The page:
I wasn’t expecting much from Batman v Superman: Dawn of Justice (2016). I’d seen all the bad reviews and hype online. It looked silly, but I was desperate to kill time and eat popcorn, so I went. Firstly, it’s a great movie – better than most other Marvel flicks. Secondly, it’s worth two years at Seminary school.
The whole thing is a messy metaphor for God, the Devil, Jesus, and religious belief in general. I’ve made similar claims against lots of other movies. And sure, usually you can find some kind of religious theme behind most major movies. And Superman has always been a Christ figure.
But usually it’s at least a little bit a little bit indirect or vague. Something you have to notice, realize and think about. Something that’s a cool theory, but not an obvious, over your head, the only way you can interpret the movie kind of thing.
Batman v Superman is riddled with theological terminology and escatalogical ruminations; questions about power v freedom, and the limits of morality. My favorite part, the symbol that really sums up the whole movie, is a painting of the devil being expelled from heaven by Michael. Lex Luthor says it should really be turned upside down, and at the end of the movie it is. That’s blatant symbolism, telling us that the moral polarities of Good and Evil have been directly inversed through the episode found in the movie.
Let’s consider how we got there.
The first point of conflict is the debate about Superman. The question isn’t really whether he’s good or evil, the question is, “How can an omnipotent creature be blameless?” This question is raised in different ways by many people and echoed in the media. Everytime Superman saves us from bad guys, he also causes damage. And if he can be everywhere and save everyone, doesn’t that make him directly responsible for everyone he doesn’t save? Or everyone who gets hurt, whether or not he’s even involved?
Lex Luthor says, the greatest lie in America is that power can be blameless.
Batman is upset because Superman accidentally took out his corporate office.
Lex Luthor fuels Batman’s obsession, goading him for a fight.
He stokes the fires by getting Superman invited to a government hearing to listen to the complaints against him, and then using the man accidentally injured by Superman to blow everybody up. At this point, Superman is like, I’m just trying to do good. But the world fears what it doesn’t understand. Batman says (or maybe Lex, I forget) if there’s someone out there with the power to destroy the world, even if there’s only a 1% chance of him doing it, we have to kill them.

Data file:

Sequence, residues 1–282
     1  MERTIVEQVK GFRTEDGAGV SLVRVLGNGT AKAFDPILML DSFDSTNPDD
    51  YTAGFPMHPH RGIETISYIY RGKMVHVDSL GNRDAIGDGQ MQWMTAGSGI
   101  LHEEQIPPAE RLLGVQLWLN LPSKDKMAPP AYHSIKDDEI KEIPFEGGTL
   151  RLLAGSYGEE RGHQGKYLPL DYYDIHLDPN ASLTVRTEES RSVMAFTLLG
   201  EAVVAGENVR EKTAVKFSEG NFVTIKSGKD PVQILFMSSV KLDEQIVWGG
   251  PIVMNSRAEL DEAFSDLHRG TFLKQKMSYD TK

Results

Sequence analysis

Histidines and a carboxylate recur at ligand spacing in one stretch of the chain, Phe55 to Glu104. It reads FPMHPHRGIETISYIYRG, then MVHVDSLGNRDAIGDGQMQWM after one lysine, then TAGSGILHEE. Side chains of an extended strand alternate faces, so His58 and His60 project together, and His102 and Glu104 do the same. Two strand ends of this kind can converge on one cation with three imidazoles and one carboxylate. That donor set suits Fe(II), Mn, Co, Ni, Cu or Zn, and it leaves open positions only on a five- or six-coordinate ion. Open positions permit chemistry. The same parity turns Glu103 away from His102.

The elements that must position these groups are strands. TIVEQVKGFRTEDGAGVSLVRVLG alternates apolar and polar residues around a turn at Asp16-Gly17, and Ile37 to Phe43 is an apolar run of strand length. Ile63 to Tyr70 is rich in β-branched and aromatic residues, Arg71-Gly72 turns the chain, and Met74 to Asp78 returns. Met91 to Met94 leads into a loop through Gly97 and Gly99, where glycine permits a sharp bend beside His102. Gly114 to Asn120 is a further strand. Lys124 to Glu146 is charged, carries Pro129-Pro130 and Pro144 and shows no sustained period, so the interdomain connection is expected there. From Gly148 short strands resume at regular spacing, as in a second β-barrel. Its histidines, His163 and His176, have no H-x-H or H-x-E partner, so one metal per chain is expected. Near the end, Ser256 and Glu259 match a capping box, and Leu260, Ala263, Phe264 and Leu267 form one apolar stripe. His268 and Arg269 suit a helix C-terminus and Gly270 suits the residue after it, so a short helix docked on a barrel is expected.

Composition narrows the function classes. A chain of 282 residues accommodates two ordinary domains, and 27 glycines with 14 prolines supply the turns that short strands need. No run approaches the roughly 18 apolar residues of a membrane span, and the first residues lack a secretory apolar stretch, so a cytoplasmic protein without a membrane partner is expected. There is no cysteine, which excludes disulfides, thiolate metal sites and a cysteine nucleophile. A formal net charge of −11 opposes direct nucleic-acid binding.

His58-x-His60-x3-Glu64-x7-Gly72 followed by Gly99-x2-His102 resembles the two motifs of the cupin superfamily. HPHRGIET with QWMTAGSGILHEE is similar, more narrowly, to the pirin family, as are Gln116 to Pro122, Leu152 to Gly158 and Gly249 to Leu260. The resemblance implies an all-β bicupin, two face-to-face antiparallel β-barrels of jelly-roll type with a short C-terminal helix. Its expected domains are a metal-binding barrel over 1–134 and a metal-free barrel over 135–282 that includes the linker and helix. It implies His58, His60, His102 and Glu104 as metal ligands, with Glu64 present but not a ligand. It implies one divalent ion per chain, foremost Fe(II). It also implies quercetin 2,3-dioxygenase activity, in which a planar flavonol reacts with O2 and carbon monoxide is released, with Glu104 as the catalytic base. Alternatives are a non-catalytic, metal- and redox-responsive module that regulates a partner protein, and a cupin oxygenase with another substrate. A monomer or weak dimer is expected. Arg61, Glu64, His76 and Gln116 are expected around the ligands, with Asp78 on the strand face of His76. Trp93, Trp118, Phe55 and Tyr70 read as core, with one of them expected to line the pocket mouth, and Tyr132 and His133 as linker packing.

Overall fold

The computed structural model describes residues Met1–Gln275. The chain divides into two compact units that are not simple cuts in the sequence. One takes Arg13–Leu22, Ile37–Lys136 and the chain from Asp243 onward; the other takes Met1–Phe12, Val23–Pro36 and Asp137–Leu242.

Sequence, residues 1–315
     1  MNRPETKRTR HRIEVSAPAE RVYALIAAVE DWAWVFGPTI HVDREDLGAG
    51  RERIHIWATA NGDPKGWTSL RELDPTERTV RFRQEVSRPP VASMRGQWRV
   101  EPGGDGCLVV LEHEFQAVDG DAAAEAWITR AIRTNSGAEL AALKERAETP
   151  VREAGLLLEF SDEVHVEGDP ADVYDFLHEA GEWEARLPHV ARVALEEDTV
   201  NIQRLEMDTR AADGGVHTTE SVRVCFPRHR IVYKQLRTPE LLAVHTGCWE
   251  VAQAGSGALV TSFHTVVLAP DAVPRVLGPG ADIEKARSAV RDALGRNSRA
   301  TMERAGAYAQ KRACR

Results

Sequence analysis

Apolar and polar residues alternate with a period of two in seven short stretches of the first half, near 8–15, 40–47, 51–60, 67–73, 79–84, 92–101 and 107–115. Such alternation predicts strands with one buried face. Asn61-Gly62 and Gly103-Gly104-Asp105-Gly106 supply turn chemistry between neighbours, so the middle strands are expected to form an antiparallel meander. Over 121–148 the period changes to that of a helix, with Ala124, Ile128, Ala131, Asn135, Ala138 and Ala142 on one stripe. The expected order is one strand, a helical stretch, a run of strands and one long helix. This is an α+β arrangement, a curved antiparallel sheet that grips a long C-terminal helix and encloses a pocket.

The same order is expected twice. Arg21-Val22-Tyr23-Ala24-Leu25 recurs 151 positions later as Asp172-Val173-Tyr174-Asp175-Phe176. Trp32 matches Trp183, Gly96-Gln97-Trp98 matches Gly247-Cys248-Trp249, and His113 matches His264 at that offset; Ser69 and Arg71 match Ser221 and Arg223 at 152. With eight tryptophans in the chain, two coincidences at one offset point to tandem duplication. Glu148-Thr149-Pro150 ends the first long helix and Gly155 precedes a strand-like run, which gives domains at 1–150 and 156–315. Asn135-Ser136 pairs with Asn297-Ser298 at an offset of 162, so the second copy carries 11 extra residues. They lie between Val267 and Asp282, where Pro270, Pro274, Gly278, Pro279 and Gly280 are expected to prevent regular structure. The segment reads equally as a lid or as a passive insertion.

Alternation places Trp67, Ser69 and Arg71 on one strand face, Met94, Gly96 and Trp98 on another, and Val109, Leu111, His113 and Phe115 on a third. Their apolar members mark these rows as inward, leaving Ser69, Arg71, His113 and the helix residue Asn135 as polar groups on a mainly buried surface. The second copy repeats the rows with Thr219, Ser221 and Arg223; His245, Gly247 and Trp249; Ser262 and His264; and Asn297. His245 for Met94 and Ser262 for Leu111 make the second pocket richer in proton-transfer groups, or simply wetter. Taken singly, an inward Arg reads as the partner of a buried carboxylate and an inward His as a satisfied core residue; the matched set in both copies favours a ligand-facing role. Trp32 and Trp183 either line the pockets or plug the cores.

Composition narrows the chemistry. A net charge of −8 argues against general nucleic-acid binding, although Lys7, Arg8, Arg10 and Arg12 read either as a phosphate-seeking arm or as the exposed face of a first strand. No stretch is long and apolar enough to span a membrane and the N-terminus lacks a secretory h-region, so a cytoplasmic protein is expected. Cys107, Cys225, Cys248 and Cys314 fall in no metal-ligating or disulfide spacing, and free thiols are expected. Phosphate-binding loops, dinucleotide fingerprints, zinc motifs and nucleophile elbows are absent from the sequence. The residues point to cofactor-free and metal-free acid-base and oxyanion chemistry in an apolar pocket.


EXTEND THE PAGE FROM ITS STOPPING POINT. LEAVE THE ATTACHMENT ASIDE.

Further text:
Then Lex forces Superman into the fight by kidnapping his mom, Martha (strangely, the plot revolves around both superheroes having mothers with the same name). Batman and Superman fight for awhile.
Two interesting things here:
Lex’s motivations are unclear. He wants Superman dead, and he lets something slip that reveals his character. Something about, Knowledge SHOULD BE Power, but it isn’t. He’s pissed because he’s a genius, and he’s after information, and he’s smarter than Superman and Batman combined, but they can still beat him up.
Batman says something pretty similar. Something about, knowing there is someone out there so powerful, makes everyone else feel weak. In other words, Evil and Fear comes from having an all-powerful protector, and we would be better off without one.
Those are very common, human reactions to the face of divinity. It can be comforting and uplifting, if you trust and believe. That’s what Louis keeps telling Superman, when he questions whether he shouldn’t just go away.
Superman actually says, there is no Superman, it’s a myth, a lie… and Louis says, so what, if it gives people hope?
Interestingly, we have an insider’s view of religion here, because, even though Superman is like a god, and even though he’s obvious divine-like in the movie, and even though some people are shown worshiping him in a religious way (bowing down, kissing his hand), we know he’s really just an alien with god-like powers.
So far in the movie, it’s pretty easy to see Superman as God as Batman as The Devil.